The days of one or two platforms controlling all aspects of your technology stack are gone.
In the association world, the AMS used to be the center of the technology universe. Most association functions would get shoe-horned into whatever the technology could accommodate. But as APIs have become more accessible, organizations can create an orbit of technology around the AMS, populating it with platforms to manage things like events, content, education and publications.
Rather than relying on a single, monolithic platform to manage your association, you can stitch together systems that do exactly what you need them to, selecting a platform that fits the exact needs of each department. Think of it like getting to choose the tools in a swiss-army knife. This is referred to as best of breed ecosystem, and it puts your organization in control.
Read further to learn what to look out for in an API-centric environment and the exciting innovations it allows. But first, out with the old. What did the old model look like, and why are associations moving away from it.
Out with the Old
In the past, if associations had trouble finding a product to meet their needs, they may have built their platform in-house. Or they would make other concessions. For instance, purchase something so robust that it took forever to implement and had various unused features. Worse, if an enterprise solution weren’t in the budget, an association would settle for a platform that only met some of their needs. Associations are no longer stuck with only undesirable options. The “best of breed” trend has been materializing for a few years, and many associations have already jumped on board.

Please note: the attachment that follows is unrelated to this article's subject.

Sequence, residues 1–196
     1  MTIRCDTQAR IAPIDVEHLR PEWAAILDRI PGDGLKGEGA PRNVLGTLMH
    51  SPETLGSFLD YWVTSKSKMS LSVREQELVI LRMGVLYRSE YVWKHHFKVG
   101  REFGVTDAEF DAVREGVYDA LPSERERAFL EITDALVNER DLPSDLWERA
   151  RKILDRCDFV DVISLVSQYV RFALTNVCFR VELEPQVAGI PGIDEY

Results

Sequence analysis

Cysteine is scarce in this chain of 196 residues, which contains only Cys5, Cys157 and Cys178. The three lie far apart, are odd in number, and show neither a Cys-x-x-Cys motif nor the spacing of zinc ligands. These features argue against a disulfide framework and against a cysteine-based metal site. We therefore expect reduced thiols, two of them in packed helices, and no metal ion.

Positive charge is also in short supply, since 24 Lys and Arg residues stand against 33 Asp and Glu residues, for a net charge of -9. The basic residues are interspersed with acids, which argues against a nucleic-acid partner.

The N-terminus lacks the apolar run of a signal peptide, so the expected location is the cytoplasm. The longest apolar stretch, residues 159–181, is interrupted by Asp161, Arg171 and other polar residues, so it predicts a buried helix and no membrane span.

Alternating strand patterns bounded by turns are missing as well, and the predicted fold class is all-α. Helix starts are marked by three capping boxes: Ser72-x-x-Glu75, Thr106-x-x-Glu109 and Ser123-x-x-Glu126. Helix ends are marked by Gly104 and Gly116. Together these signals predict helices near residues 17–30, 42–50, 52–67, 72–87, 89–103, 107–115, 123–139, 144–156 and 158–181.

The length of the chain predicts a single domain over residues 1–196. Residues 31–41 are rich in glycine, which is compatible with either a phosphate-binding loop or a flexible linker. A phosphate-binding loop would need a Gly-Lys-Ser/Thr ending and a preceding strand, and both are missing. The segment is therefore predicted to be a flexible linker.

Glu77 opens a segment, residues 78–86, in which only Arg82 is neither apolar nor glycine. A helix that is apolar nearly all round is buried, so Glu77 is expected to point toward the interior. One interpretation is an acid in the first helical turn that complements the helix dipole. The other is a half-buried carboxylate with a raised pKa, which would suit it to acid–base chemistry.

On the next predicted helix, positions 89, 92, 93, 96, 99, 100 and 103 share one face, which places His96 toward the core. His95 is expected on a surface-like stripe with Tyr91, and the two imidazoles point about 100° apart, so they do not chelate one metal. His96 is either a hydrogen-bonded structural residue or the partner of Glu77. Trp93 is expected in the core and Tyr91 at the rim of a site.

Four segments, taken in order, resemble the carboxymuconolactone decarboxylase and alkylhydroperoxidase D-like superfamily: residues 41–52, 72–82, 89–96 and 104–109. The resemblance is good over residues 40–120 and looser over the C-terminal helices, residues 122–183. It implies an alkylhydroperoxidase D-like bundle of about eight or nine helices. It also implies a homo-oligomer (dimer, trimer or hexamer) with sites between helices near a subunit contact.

Recently Adage held our annual company retreat, the APEX Hackathon. We were thrilled to have Reggie Henry, Chief Information & Engagement Officer at ASAE as the keynote speaker. Reggie covered top association trends to watch, out of the ASAE Research Foundation’s Drivers of Change document during his keynote. This document outlines the 50 most significant trends impacting associations and seeks to help association leaders tackle changes affecting their work and life. Reggie noted the future of associations should shift from an AMS-centric ecosystem to API-centric technology environments.